Scottish Local Authorities – Sustainability Round-UpPublished 01 May 2012 in Local Government
Highland Council – New Community Benefit Policy for Renewables
On 24 February the Highland Council launched a refreshed Community Benefit Policy for renewable energy developments. It seeks a minimum payment to community benefit funds equivalent to £5,000 per Megawatt of installed capacity per year. The Council will seek to negotiate concordats with developers, which will ensure that developers operate within the Council’s policy and that developers negotiate directly with the Council on behalf of communities to secure the greatest level of benefit possible. The Council’s policy is a 3-tier system of benefit with all of the first £100,000 per year of benefit going to local communities and managed within a Local Fund. The remaining community benefit will be split between the Local Fund, one of ten local Area Funds, and the Highland Trust Fund. Communities that do not have access to community benefit funding at the Local or Area Fund level will be able to bid into The Highland Trust Fund, which will be operated by an organisation at arm’s length from the Council. More.
Aberdeen City Council Completes Second Phase of Sustainable Council Housing Project
On 5 April Aberdeen City Council announced the completion of the second phase of its new-build council housing programme. Thirty-five properties, including flats and houses, are high-quality, sustainable and energy efficient and are located within walking distance of amenities, transport links and local schools. One section of the new development is a designated Homezone scheme, which places the needs of car drivers as secondary to the needs of users of the street. More.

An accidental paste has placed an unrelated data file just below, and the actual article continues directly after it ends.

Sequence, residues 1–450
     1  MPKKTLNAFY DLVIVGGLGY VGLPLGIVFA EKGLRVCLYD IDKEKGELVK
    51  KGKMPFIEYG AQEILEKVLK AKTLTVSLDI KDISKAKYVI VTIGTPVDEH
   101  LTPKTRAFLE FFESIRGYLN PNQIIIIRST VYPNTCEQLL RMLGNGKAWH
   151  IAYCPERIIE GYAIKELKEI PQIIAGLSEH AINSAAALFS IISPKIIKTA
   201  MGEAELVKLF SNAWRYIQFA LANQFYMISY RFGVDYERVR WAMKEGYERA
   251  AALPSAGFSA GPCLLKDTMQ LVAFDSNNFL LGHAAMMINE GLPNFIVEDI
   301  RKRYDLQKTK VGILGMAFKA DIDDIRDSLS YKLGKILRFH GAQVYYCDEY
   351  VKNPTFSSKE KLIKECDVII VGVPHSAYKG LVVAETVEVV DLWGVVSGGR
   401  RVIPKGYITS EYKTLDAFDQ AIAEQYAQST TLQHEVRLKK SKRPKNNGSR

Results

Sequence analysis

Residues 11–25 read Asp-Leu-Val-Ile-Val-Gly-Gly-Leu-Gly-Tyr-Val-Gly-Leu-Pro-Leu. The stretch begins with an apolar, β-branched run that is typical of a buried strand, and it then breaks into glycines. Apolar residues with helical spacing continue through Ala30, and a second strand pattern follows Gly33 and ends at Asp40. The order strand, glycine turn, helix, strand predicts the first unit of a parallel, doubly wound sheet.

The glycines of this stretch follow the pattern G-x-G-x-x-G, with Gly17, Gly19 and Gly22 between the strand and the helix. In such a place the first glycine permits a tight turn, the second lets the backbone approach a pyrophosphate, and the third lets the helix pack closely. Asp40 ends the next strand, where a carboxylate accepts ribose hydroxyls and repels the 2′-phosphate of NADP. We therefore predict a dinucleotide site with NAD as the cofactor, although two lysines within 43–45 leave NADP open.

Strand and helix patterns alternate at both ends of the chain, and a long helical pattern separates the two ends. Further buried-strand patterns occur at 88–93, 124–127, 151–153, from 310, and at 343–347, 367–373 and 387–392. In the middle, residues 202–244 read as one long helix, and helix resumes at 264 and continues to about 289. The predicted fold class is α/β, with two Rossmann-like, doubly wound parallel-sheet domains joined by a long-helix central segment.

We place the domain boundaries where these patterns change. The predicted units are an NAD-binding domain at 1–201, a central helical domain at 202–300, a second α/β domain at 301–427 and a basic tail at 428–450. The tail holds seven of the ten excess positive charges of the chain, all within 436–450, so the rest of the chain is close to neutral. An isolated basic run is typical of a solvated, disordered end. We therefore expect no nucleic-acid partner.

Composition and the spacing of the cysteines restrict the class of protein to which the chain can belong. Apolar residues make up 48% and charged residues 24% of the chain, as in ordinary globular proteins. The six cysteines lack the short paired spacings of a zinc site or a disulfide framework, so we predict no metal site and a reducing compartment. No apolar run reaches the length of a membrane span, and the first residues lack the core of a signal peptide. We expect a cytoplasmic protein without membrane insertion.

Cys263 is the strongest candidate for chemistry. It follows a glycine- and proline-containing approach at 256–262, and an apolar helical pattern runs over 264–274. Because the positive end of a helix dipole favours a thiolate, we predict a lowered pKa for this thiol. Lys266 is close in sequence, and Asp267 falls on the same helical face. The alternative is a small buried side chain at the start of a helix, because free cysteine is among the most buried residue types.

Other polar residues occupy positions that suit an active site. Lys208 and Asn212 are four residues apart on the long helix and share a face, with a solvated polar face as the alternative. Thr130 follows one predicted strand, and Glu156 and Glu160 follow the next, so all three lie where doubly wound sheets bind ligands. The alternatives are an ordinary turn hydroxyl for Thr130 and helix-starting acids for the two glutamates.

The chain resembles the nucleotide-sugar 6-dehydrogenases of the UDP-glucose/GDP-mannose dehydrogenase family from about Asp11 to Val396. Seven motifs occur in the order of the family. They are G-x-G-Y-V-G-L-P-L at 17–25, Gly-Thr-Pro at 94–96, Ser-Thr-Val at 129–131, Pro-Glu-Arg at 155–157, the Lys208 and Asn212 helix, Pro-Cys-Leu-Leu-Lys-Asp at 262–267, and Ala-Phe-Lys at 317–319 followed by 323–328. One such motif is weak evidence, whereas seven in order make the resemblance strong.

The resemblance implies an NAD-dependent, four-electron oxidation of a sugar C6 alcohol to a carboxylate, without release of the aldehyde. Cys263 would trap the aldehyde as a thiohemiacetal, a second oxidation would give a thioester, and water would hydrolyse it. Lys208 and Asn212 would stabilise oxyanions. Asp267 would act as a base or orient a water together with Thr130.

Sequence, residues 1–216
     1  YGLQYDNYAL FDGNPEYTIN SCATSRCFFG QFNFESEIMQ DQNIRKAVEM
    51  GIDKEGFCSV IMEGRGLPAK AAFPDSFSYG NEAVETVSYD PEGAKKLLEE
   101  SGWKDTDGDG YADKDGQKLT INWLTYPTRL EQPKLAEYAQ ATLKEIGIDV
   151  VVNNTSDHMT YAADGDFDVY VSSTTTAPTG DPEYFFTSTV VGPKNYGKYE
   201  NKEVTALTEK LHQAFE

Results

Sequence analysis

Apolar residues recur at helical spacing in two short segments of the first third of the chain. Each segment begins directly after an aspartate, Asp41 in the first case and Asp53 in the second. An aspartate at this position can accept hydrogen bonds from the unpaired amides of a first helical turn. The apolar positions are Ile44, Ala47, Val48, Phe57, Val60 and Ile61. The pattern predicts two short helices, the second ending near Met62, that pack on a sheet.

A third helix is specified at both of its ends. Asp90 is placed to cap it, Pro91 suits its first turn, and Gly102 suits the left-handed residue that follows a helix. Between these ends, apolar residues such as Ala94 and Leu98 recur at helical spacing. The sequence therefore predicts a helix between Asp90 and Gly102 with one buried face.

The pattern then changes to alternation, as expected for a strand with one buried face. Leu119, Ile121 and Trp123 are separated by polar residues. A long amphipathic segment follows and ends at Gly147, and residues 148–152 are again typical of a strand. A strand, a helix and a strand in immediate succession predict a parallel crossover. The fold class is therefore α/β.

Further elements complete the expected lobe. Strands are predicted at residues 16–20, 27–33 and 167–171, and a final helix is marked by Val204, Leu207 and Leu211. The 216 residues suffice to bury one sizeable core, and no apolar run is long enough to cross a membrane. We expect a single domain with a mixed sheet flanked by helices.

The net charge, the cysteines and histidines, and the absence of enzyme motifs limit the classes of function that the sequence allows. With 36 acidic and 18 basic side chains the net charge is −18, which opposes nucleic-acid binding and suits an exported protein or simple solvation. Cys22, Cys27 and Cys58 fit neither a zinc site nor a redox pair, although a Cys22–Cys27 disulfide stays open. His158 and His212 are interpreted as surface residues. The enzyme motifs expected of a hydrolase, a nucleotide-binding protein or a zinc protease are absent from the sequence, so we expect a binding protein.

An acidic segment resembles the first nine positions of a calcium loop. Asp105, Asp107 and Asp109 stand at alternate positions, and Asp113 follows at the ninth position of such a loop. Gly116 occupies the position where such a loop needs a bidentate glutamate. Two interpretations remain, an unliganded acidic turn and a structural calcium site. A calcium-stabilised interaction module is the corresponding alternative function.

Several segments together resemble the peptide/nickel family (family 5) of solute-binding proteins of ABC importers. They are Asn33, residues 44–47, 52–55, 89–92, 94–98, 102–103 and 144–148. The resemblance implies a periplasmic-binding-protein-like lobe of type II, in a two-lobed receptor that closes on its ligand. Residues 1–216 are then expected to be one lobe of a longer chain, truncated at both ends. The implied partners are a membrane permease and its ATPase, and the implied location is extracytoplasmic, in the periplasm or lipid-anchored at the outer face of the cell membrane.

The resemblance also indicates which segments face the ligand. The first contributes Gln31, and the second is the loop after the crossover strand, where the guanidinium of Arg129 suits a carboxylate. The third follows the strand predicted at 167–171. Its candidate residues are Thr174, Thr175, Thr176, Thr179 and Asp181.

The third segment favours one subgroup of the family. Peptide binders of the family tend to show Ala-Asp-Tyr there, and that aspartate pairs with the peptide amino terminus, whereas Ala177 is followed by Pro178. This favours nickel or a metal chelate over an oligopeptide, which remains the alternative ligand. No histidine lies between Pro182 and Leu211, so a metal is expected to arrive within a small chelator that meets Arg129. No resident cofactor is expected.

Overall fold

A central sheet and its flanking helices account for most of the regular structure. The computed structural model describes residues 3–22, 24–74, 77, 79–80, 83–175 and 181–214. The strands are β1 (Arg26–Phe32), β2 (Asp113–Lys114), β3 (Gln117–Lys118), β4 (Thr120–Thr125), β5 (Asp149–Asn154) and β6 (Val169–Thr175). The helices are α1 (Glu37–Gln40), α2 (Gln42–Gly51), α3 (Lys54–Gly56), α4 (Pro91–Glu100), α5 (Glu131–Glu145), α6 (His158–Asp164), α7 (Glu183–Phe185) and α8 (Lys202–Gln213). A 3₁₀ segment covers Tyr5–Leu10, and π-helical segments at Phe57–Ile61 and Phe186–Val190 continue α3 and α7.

Aberdeen City Council Launches First Car Club
Aberdeen City Council announced the launch of the city’s first car club on 2 April. The Council has appointed social enterprise Commonwheels to operate the club, using low emission vehicles. A fleet of 10 cars will initially be used. More.
Glasgow City Council Launches Food Miles Education Pack for Primary Schools
On 16 March Glasgow City Council announced the launch of a Food Miles Education Pack for its 140 primary schools. Developed by the Council’s Education and Development & Regeneration Services, the pack links growing, purchasing locally and calculating carbon emissions directly with the Curriculum for Excellence. It will also show that the further food has to travel from plough to plate the less sustainable and environmentally desirable it is. More.
Scottish Borders Council Runs Carbon Reduction Competition in Schools
Scottish Borders Council recently ran a competition in its schools, challenging pupils to come up with ideas for carbon reduction in their everyday environment. Pupils had to produce a poster and short note outlining their idea and why it was important. Ideas submitted included: increasing active travel opportunities, reducing energy usage, reducing food miles, increasing recycling and tree planting. Winning schools received money and energy monitors donated by Marks and Spencers. More.
Green Business Fife Organises Study Visit for Fife Businesses
Fife Council announced on 2 April that Green Business Fife organised and led a study visit for Fife businesses to Gaia-Wind Ltd.’s small wind turbine manufacturing facility in Glasgow. Green Business Fife was launched in March 2007 by Fife Council and aims to help local businesses achieve resource efficiency gains which will boost their competitiveness and minimise their environmental impact. Attendees had the opportunity to explore Gaia-Wind’s unique large two blade turbine design and were offered advice on the implication of the feed-in tariff changes. More.